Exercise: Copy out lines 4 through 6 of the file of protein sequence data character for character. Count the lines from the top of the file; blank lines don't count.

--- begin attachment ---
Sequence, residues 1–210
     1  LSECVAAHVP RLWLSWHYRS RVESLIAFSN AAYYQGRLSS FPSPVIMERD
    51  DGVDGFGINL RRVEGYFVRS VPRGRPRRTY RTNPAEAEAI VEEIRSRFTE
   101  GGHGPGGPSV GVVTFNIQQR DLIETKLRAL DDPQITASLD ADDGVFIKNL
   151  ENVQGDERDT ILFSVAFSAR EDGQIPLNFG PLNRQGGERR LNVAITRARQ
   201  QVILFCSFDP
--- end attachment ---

   101  GGHGPGGPSV GVVTFNIQQR DLIETKLRAL DDPQITASLD ADDGVFIKNL
   151  ENVQGDERDT ILFSVAFSAR EDGQIPLNFG PLNRQGGERR LNVAITRARQ
   201  QVILFCSFDP